In the 1950s and 1960s, the Atomic Energy Commission (AEC) ordered the United States government to conduct nuclear tests in the western states. This resulted in numerous people living around this area getting exposed to nuclear fallout and contracting some form of cancer. These people were later referred to as the Downwinders. At the same time of these tests, the University of Utah received a $3 million grant from the AEC to put toward nuclear research. This article will give a brief history of the AEC, examine the university’s role in the tests, and discuss the legacy of the Downwinders today.
As World War II ended, the United States Government created the Atomic Energy Commission to control nuclear development under President Harry Truman. Aside from aiding in national defense, Congress wanted the AEC to “promote world peace, improve public welfare, and strengthen free competition in private enterprise.” The Atomic Energy Act was then signed by Truman on August 1, 1946. (Buck, p. 1)
On January 6, 1961, the Daily Utah Chronicle wrote a story about the AEC giving Utah universities grant money for nuclear research. This grant was from the Atomic Energy Commission. They awarded the University of Utah, Utah State, and Brigham Young University a total of $4 million over a 10-year period for research in atomic studies. The University of Utah received the largest chunk at $3,552,528.
On February 3, 1961, an article in the Daily Utah Chronicle announced the addition of a new medical center on campus. This housed a research facility from the Atomic Energy Commission which included dog kennels for beagles as their nuclear test subjects. A reporter wrote a story in the same issue of the Chronicle, predicting the 1960s to be a decade of science with the grant from the AEC as well as Time magazine naming 15 prominent scientists its “Men of the Year.”
The Atomic Energy Commission’s generous grant to the University of Utah supported many research projects on campus that led to many amazing advancements in modern science. Unfortunately, the Atomic Energy Commission left a negative impact in the state of Utah with the fallout of their nuclear testing.
The University of Utah’s Marriott Library recently conducted interviews with many of the surviving Downwinders. Justin Sorenson interviewed a man named Joseph Ward Spendlove. Spendlove was born in Delta, Utah, in 1942 and lived there until 1958. Many members of his community began to get cancer around that time which eventually took the life of his mother. Today he is living with prostate cancer while taking care of his brother, who has a degenerative nerve disease. Doctors are unsure if it is related to the nuclear testing. To this day, Spendlove still attends his high school class reunions where the topic of conversation is almost always centered around who has most recently died of cancer.
Ilene Hacker is another living Downwinder. She was raised in St. George, Utah, through the 1960s. Hacker’s father died from pancreatic cancer when he was just 48 years old. She and 13 of her close friends from high school were diagnosed with Hashimoto’s disease. Despite living in the crossfire of nuclear toxicity and being well traveled, Hacker still feels that she is living in the greatest place on earth. With that, she also feels a total distrust of the government.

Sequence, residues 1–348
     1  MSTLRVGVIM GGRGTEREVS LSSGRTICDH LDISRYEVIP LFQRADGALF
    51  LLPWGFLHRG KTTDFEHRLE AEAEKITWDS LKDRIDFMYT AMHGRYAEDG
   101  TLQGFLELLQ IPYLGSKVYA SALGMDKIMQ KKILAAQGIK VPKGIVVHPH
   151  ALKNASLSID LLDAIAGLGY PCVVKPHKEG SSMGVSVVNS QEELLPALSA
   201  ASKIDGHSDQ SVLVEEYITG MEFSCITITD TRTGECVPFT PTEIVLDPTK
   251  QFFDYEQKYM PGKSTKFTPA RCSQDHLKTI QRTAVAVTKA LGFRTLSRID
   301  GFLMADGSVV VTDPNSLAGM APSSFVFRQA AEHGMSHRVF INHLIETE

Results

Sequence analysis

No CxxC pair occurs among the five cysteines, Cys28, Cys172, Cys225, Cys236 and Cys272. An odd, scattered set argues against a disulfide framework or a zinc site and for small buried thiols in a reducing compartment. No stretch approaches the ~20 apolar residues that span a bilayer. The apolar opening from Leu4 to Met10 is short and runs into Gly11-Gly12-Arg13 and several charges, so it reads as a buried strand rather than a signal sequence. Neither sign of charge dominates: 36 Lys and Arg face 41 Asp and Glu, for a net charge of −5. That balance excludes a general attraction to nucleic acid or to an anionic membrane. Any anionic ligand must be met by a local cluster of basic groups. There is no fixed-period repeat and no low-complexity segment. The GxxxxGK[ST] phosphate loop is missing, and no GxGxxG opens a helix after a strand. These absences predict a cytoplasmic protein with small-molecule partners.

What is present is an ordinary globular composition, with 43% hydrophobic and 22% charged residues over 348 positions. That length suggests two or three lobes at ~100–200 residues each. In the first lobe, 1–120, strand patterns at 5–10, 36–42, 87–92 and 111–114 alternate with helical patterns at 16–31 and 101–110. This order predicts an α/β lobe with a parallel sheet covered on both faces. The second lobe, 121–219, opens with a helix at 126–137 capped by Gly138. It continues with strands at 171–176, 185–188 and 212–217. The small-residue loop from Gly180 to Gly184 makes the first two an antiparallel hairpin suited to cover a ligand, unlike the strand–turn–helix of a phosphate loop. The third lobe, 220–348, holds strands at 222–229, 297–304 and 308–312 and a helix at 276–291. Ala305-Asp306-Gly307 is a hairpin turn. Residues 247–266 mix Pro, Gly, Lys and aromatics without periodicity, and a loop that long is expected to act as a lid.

The nuclear tests done in the western US have had a tremendous impact on the people who inhabit the region. By the firsthand accounts of modern Downwinders, we see this is an issue that persists even today. Ilene Hacker’s distrust in the government is not unwarranted and even members of Congress agree. The fact that so many people died because of nearby nuclear testing provoked a bill in the 1990s by Utah Senator Orrin Hatch to give compensation to these victims. There has been a recent movement to expand the compensation to victims throughout all of Utah, as well as neighboring states like Idaho and Montana and even Guam. For all of those heavily affected, compensation would range from $50,000-$150,000 — which, as the leader of this movement Preston Truman explains — would not even cover the cost of one chemotherapy treatment.
Maddie Colosimo is a senior at the University of Utah and is majoring in communication with an emphasis in strategic communication and minoring in art history.
“AEC Grants For Utah’s Universities Applied in Research,” Daily Utah Chronicle, January 6, 1961, 1.
“Important— But…” Daily Utah Chronicle, January 6, 1961, 1.
“Law, Business, Medicine Are Building Projects,” Daily Utah Chronicle, February 3, 1961, 9.
“Dr. Libby Talks Tonight in Spencer Hall,” Daily Utah Chronicle, March 2, 1961, 1.
“Ute Briefs: Atomic Energy,” Daily Utah Chronicle, December 12, 1961, 4.
“Atomic Exhibit Due In Salt Lake,” Daily Utah Chronicle, September 2, 1960, 4.
Spendlove, Joseph Ward, et. al. “Interview with Joseph Ward Spendlove, Downwinders of Utah Archive.” Transcript of an oral history conducted on June 25, 2019, by Justin Sorensen and Anthony Sams, Everett L. Cooley Oral History Project, Special Collections, J. Willard Marriott Library, The University of Utah.
Hacker, Ilene, et. al. “Interview with Ilene Hacker, Downwinders of Utah Archive.” Transcript of an oral history conducted on June 12, 2017, by Justin Sorensen. Everett L. Cooley Oral History Project, Special Collections, J. Willard Marriott Library, The University of Utah.
Buck, Alice. “The Atomic Energy Commission.” Washington, D.C.: US Department of Energy, 1983
Davidson, Lee. “Utahns who say family members died from cancer because of radioactive fallout would be eligible for $150K under new bill,” Salt Lake Tribune, July 6, 2018.
JCordes, “Scientific Discoveries of the 1960s.”
Utah Department of Environmental Quality, “Impact of Aboveground Nuclear Tests on Southern Utah,” September 11, 2019.